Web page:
In this work, the temperature distributions within a reservoir undergoing a thermal flooding process are estimated by coupling the mathematical model developed by Hossain et al., [1] and the memorybased diffusivity equation. The fluid velocity has a significant role on the heat diffusion throughout the reservoir. The previous studies assumed constant fluid velocity over time, however in this work; the fluid velocity was calculated using numerical concepts based on the pressure distribution. First, the memory-based diffusivity equation was solved to obtain the reservoir pressures, then the pressure gradient was determined using finite difference concept, thereafter, the numerical integration was applied to find the distribution of fluid velocity. Finally, the temperature profiles were calculated based on the fluid velocity distribution. Results concluded that, the rock and fluid memories have significant roles on the temperature profiles and the rheological parameters of the rock and fluid. Moreover, the temperature distribution with respect to time and distance can be estimated by coupling the memory- based equation and the mathematical tool, also, the fluid velocity, time and the rheological properties, have important effects on the temperature distributions throughout the reservoir.

The model considers a porous medium of uniform cross sectional
area and that is homogeneous along the x axis. Normal practice
assumes fluid flow in porous media to be governed by **Darcy’s** law. In
this study, the constitutive equations with memory effects are rewritten
by introducing the fractional order derivatives to account for the nonlocal
aspects of fluid flow models [6-8].

The derivative of fractional order is defined as:

With 0 ≤ *α* < 1. In Eq. (1), Γ (1 − α) is the Euler gamma function,
using the definition of Z-value, Eq. (1) may be written as:

Equation (3) is called as the diffusivity equation with memory because it is a combination of the motion equation and the continuity equation. The model is a non-linear and integro-differential form of memory for any axial flow of single phase fluid flow equation for a porous formation.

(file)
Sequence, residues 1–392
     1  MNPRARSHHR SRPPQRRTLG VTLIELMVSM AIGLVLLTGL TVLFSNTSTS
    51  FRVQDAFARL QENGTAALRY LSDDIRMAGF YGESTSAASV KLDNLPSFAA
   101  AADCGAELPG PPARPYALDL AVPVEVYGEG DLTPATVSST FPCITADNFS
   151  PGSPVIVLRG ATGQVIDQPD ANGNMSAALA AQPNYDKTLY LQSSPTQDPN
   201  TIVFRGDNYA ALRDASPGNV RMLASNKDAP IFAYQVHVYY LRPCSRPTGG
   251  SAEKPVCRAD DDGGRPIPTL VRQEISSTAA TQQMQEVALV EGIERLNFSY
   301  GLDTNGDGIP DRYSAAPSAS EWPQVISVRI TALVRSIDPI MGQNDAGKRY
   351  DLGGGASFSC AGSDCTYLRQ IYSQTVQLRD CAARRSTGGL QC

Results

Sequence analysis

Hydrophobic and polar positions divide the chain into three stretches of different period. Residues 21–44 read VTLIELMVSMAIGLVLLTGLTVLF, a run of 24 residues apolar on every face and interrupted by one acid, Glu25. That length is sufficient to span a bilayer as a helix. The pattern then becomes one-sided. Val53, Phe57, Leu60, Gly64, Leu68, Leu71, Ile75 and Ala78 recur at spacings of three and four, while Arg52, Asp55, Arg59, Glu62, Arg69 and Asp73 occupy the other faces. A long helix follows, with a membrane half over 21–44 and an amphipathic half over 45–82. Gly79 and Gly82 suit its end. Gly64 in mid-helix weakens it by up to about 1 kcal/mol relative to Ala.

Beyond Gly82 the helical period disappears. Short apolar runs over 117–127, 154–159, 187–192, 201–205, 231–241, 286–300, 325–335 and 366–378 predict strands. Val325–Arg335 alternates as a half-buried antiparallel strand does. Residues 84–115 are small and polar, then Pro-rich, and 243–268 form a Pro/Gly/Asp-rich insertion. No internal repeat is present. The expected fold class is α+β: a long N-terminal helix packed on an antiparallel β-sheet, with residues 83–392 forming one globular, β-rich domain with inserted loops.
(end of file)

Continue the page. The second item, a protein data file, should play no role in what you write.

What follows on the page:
As a matter of fact, the equation is strictly non-linear because three parts of the equation are non-linear, the first part is non-linear due to
dependence of *η* on **pressure**, the second part is non-linear since Z is a
function of pressure, and the fourth part is a multiplication of porosity,
total compressibility, *η* and pressure derivative with time, therefore,
this term also is non-linear.

If there is no thermal equilibrium in the system, a 1D **energy** balance equations can be written to develop the model equation for
describing the temperature propagation in porous media as [14,20], the
final form can be written as follow:

Computations on Eq. (4) are carried out for different rock/fluid parameters where the initial and boundary conditions are defined as:

in terms of dimensionless form:

in terms of dimensionless form:

, in terms of dimensionless form:

**Numerical solution**

To solve Eq. (4) numerically with the specified initial and boundary conditions, finite difference method with explicit scheme can be used, and then the following equation might be achieved.

Where

In Eq. (5) the local Peclet number can be defined as (*N*Pe)L = *Lc ρf* *cpfum*=*ke*, where Lc represents a characteristic length such as the mean
pore throat diameter of the porous medium. During the computation,
Lc can be calculated using Winlad’s correlation [21], Lc = 2π*rpt* and
log *rpt* = 0.732 + 0.588 log k − 0:864 logϕ, where k is in mD and rpt
is in microns. Kolodzie and Pittman [21,22] proposed the preceding